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the Associated Press

Maine Video Producer Recounts Gaza Flotilla Ordeal

Clark Canfield

This March 2010 photo released by girlfriend Charlotte Stuart, shows Scott Hamann, a filmmaker from South Portland, Maine, with his dog Chief. Hamann, who had been hired to document aid vessels defying Israel's blockade of the Gaza Strip, is among those detained for deportation from Israel, his father and girlfriend said Tuesday, June 1, 2010. (AP Photo/Charlotte Stuart)

PORTLAND, Maine -- A Maine video producer recalled hearing shots amid the chaos that broke out as Israeli troops raided the aid flotilla he was on that was attempting to break Israel's blockade of Gaza.

Scott Hamann of South Portland arrived in Maine late Friday night, five days after the flotilla was intercepted by Israeli troops, resulting in the deaths of nine pro-Palestinian activists.

In a phone interview with The Associated Press, Hamann said troops that landed on the boat he was on fired high-powered paintball guns and threw a "stun grenade" that hit him on the foot before exploding behind him.

People aboard the flotilla expected a confrontation, but not a deadly one, he said.

"As soon as we heard the real guns going off, that's when we knew things were different than what we thought they'd be," he said. "We knew they'd use excessive force, but it was a game changer when we heard they were shooting people."

The six-ship flotilla was attempting to deliver supplies to Gaza in defiance of a 3-year-old Israeli blockade that has aimed to prevent the smuggling of weapons into Gaza that could be used to attack Israel. At the same time, it has deepened the poverty of the 1.5 million Palestinians in the strip and heightened Mideast tensions.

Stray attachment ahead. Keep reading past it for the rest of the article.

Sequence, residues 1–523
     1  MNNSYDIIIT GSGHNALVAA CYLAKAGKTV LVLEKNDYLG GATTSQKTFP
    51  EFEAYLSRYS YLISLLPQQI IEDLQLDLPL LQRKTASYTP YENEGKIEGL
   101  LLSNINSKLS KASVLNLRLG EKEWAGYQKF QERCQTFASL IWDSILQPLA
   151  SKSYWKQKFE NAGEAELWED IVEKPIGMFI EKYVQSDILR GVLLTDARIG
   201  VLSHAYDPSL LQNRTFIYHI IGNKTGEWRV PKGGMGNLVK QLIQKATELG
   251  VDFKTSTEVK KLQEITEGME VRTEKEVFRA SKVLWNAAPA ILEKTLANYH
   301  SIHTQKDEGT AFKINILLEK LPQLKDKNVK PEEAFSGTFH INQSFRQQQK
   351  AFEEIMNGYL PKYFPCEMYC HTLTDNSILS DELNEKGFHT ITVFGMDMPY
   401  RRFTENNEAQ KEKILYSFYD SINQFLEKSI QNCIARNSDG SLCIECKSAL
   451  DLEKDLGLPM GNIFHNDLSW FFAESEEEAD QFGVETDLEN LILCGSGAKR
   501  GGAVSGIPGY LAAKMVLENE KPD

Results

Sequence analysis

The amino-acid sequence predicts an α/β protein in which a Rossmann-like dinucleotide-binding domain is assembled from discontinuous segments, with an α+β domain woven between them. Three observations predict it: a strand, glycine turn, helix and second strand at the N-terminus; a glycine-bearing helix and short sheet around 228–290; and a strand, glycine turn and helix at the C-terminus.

The flotilla's journey ended when Israeli commandos boarded the vessels early Monday morning and clashed with passengers on one ship in a confrontation that left nine people dead.

Israel says troops used force only after they were attacked with weapons. Activists say Israel fired first.

Hamann, 29, owns Harbor Light Films video production company in South Portland. He was documenting the event as a job but also felt strongly about the cause.


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David Rubinson, a former music producer in the U.S. who now lives in Eze, France, said he hired Hamann to ride aboard one of the six vessels in the flotilla, shoot video and photographs and post them on the website .

Hamann said the flotilla was in international waters when it was intercepted by Israeli troops. When they boarded his vessel, Challenger I, they destroyed all video footage and camera memory cards, he said.

He and hundreds of others on the flotilla were then brought to an Israeli prison and detained before they were deported.

There, Israeli troops and intelligence officers intimidated and threatened the prisoners, he said. After being brought to an airport to be put on a plane, two deportees were attacked by soldiers when they refused to sign deportation orders, he said.

One of them, he said, was an American citizen who was beaten and bloodied. When soldiers gave him water to wash his face, he refused to do so, saying he wanted people to see what they did to him, Hamann said.

"Then they beat him up really bad and we haven't seen him since. The status, the last I heard, isn't good," he said.

Speaking from France earlier this week, Rubinson said little media attention was paid to another aid flotilla last year that was disrupted by Israel as it made its way to Gaza. This time, he wanted to make sure people worldwide could witness the journey through video and photographs posted on the website.

Rubinson is Jewish, but no longer practices his faith because of his disapproval of Israel's actions against Gaza.

"I'm doing this because it's my people who are perpetrating this tragedy," he said. "I feel it is imperative we do something to stop it."

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